Ignoring miniature cars built in the USA at around this time, one of which had a vee-twin Harley-Davidson engine and gearbox in a 5 ft 2 in wheelbase chassis and could still accommodate an adult, there was that Marmon advertising ploy at the 1921 New York Show of displaying six fully detailed models, of 1/6 scale, and in various body styles, alongside the real Marmons. In England a proud Master Peter Crosby, young son of the celebrated motoring artist, was able to drive his 1½ hp single-cylinder two stroke model, which like the American counterpart used discarded aeroplane wheels and tyres. This little car turned up again many years later. To a far smaller scale it was a splendid model of an ohc Wolseley Ten, seen in a showroom window, which my mother endeavoured to buy for me, only to be told that it was valued at more than a full-size Wolseley…
At the 1922 Model Engineer Exhibition, where you could purchase 2 in to 5 in centre lathes from £1 15s (£1. 75) to £50, a Chatham tailor showed an incredibly complete model chassis some 20 in long, intended for steam propulsion. A boy had put in a realistic model of a Ford, made without a lathe from scrap material, but both were overshadowed by a miniature 1910 Vauxhall six-cylinder chassis, 1/8 full size, started before the war by a member of Vauxhall Motors’ Experi-mental Department and not quite completed. Even the interior of the engine, gear-box and back axle were properly detailed and making the compression-taps, plugs and valve-caps, etc, had involved a watch-maker’s skill.
This must have aroused interest in miniature cars, for two-year-old Master Bertie Kempton was out in, his Rolls-Royce-like pedal car made by J. S. Cauldrey of Barnes, which had a screen, hood, a full set of lamps, and Palmer cord tyres, the blue leather upholstery matching its smoke blue and black finish. It was photographed beside a pre-war chauffeur-driven Itala dh coupe presumably owned by the builder. This led to news of a model chassis made with great skill in a prisoner-of-war camp, using biscuit tins and other odds and ends, a grooved aluminium cigarette-case forming floor-boards and running boards of this representation of four-cylinder bi-block sleeve-valve engined car, its wire wheels built up on wooden hubs and rims. The drive was by elastic, to a bevel-driven back axle, energised by winding-up a shaft running through the dummy engine. A German was sufficiently impressed to photograph it for its owner but it didn’t survive the war. The idea of a sleeve-valve engine is clever, as obviating having to model difficult valve- gear, and I wonder why more models of early Brooklands racing cars have not been attempted, the disc wheels, cowled in dumb-irons and radiator, etc, of which would simplify matters, yet result in an impressive model.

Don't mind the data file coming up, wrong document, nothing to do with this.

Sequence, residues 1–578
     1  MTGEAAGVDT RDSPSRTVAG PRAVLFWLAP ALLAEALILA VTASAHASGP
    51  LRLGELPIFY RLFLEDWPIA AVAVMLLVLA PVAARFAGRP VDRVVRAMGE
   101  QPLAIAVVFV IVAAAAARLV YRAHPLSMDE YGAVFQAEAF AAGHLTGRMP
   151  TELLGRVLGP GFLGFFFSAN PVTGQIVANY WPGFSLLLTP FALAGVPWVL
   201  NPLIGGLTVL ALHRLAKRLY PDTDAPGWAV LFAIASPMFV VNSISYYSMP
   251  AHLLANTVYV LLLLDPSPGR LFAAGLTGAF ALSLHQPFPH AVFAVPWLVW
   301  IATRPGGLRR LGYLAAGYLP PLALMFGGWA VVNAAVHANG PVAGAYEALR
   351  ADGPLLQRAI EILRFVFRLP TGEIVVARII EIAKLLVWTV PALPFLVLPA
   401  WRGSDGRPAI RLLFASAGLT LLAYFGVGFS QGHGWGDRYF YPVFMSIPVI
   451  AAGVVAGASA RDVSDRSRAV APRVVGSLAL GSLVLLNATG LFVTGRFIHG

Even more professional models of famous racing cars than those made for Campbell were the miniature of the Fiat-inspired 2-litre Sunbeam which won the 1923 French GP, seen cradled in Segrave’s arms some time after his victory in that race, and the fine replica of “Babs” exhibited on the Wakefield/Castrol stand at the 1926 Olym-pia Show, to commemorate Parry Thomas’s 171.02 mph LSR, a model I greatly coveted but which vanished after the war, in spite of the efforts of Castrol’s then-PRO to find it. Those magnificent models of Sunbeam, Lanchester, Rolls-Royce, etc, made for the garage of HM The Queen’s doll’s-house in 1922, which I have referred to previously in these pages, are fortunately intact at Windsor Castle. Something larger, but more simple, was undertaken by a Mr Albert Shepperd in 1923 for his small son, a pedal-car replica of a Rover 8 two-seater, which was 4 ft 3 in long, 22½ in high, and was .finished in three coats of maroon Paripan enamel. Also at the 1926 Olympia Show was an excellent child’s-size model of a Clyno two-seater, used to demonstrate that even a youngster could operate its Stevenson jacking system.